Let’s begin. Open Notepad (it comes free with Microsoft Windows) and save the file with the name “robots.txt”. Make sure that the extension is .txt.

By the way, did you note we did not use name of any robot in the meta tag! What does it indicate? Simple – by using meta you direct all the search engines to do something or not do something on a page. You do not have control over any one search engine. The solution is robots.txt.

It can always happen you do not want a particular search engine to index a page for certain reasons. In that case using a robots.txt file will help. Even though I do not recommend such a thing. The search engines get you traffic, why hate them. Stop them from doing their job and they hate you. I again repeat keep your pages smart for the search engines and welcome them. Fine, then why take the trouble to learn robots.txt? Why should you include a robots.txt file at all?

Let’s suppose yours is a dynamic database site containing information of your newsletter subscribers, customers, their address, phone numbers etc. All these confidential information is kept in a separate directory called “admin”. (It is recommended to keep such information in a separate directory. Handling data will be easier for you and so will be easy to keep the search engines away. We will just know how.) I am sure you would never want any unauthorized person to visit this area leave alone the search engines. It does not help the search engines either since they have nothing to do with the data or files there. Here comes the role of a robots.txt file. Write the following in the robots.txt file: (Ignore the horizontal row – they are included only to separate the commands from rest of the text.)

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User-agent: *
Disallow: /admin/

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This does not allow the spiders to index anything in the admin directory also including sub-directories if any.

The asterisk (*) mark indicates all the search engines. How do you stop a particular search engine from spidering your files or directory?

Suppose you want to stop Excite from spidering this directory:

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User-agent: ArchitextSpider
Disallow: /admin/

——————————

Suppose you want to stop Excite and Google from spidering this directory:

——————————

User-agent: ArchitextSpider
Disallow: /admin/

User-agent: Googlebot
Disallow: /admin/

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Files are no different. Suppose you want a file datafile.html not to be spidered by Excite:

——————————

User-Agent: ArchitextSpider
Disallow: /datafile.html

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Similarly, you do not want it to be spidered by Google too:

——————————-

User-agent: ArchitextSpider
Disallow: /datafile.html

User-agent: Googlebot
Disallow: /datafile.html

——————————-

Suppose you want two files datafile1.html and datafile2.html not to be spidered by Excite:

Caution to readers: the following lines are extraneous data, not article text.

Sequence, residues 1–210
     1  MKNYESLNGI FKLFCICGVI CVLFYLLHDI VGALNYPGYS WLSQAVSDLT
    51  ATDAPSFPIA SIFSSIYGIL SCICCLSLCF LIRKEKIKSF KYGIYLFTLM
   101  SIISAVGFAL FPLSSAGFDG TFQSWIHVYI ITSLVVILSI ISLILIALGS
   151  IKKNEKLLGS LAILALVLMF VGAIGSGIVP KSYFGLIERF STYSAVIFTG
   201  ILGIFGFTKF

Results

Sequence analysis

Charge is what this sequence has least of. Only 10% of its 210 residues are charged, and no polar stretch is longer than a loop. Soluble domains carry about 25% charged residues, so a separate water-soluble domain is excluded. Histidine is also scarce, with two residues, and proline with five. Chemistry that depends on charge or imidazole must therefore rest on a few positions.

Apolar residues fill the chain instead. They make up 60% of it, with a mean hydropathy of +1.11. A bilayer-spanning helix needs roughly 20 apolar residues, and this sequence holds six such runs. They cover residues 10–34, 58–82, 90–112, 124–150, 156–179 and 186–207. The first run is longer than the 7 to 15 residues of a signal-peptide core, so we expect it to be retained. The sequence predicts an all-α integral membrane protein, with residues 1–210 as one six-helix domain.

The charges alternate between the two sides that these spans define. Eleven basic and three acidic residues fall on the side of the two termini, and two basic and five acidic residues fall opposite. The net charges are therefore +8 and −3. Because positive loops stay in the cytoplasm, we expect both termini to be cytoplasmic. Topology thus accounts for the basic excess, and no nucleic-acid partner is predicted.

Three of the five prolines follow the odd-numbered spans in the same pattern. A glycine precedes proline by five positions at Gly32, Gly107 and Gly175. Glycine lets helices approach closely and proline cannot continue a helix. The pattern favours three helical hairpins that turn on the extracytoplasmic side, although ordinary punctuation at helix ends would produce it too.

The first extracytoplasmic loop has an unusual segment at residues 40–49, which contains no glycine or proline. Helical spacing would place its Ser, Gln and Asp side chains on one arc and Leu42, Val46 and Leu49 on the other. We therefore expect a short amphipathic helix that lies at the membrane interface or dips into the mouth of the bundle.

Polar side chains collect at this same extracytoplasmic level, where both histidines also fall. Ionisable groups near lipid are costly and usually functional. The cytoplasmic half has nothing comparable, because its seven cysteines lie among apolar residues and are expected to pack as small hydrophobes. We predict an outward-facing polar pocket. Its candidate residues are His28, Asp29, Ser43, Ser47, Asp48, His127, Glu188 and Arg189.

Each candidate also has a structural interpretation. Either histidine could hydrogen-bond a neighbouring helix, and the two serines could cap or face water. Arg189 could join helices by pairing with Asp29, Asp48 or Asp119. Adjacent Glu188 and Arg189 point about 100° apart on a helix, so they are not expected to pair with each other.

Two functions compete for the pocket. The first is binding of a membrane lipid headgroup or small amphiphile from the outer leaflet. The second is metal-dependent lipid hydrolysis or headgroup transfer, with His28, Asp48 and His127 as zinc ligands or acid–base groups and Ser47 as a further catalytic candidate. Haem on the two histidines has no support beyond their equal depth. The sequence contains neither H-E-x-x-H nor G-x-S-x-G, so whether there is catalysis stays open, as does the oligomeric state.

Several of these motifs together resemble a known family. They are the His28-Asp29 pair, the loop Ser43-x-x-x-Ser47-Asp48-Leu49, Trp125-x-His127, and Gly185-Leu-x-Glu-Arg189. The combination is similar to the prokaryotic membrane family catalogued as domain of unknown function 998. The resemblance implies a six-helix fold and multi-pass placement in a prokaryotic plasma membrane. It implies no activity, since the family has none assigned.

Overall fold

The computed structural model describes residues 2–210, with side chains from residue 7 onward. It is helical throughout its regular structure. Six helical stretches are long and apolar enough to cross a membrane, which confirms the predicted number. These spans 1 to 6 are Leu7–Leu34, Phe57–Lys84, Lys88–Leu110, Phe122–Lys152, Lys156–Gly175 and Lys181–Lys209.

——————————-

User-Agent: ArchitextSpider
Disallow: /datafile1.html
Disallow: /datafile2.html

——————————-

Can you guess what does the following mean?

——————————-

User-agent: ArchitextSpider
Disallow: /datafile1.html
Disallow: /datafile2.html

User-agent: Googlebot
Disallow: /datafile1.html

——————————–

Excite will not spider datafile1.html and datafile2.html, but Google will not spider only datafile1.html. It will spider datafile2.html and the rest of the files in the directory.

Imagine you have a file kept in a sub-directory that you wouldn’t like to be spidered. What do you do? Lets suppose the sub-directory is “official” and the file is “confidential.html”.

——————————–

User-agent: *
Disallow: /official/confidential.html

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I hope that’s enough. A little practice is of course required. If the syntax of your robots.txt file is not written correctly, the search engines will ignore that particular command. Before uploading the robots.txt file double check for any possible errors. You should upload robots.txt file in the ROOT Directory of your server. The search engines look for robots.txt file only in the root directory else they totally ignore it. Mostly root directory is the directory where the index page is kept. In that case keep the robots.txt file in the same directory as the index file.

Note: You should be able to see robots.txt file if you type the following in the address bar of your Internet browser.

http://www.your-domain.com/robots.txt

(Where your-domain is the domain name of your website. If yours is not a .com site, replace .com with the respective extension your website. For e.g. .net, .us, .org etc.)

You must be wondering whether to use Meta tag or Robots.txt or which of these is more effective!

A robots.txt correctly written is more effective than the meta tag. All search engines support robots.txt, but not all search engines support robots command written in the meta tags. I recommend that you use both so that you cover your site in both the scenarios.

One last thing – You can look in your web server log files to see what search engine robots have visited. They all leave signatures that can be detected. These signatures are nothing but name of their robots. For instance if Google has spidered your site it will leave a log file called Googlebot. This is how you know which search engine has spidered your pages and when!

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This article can be re-printed and/or published online or offline for free, provided the website, http://www.searchengineoptimizationpromotion.com, is posted along with it.
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About the Author: San Christopher Senior Manager – Internet Promotions http://www.searchengineoptimizationpromotion.com

Source: www.isnare.com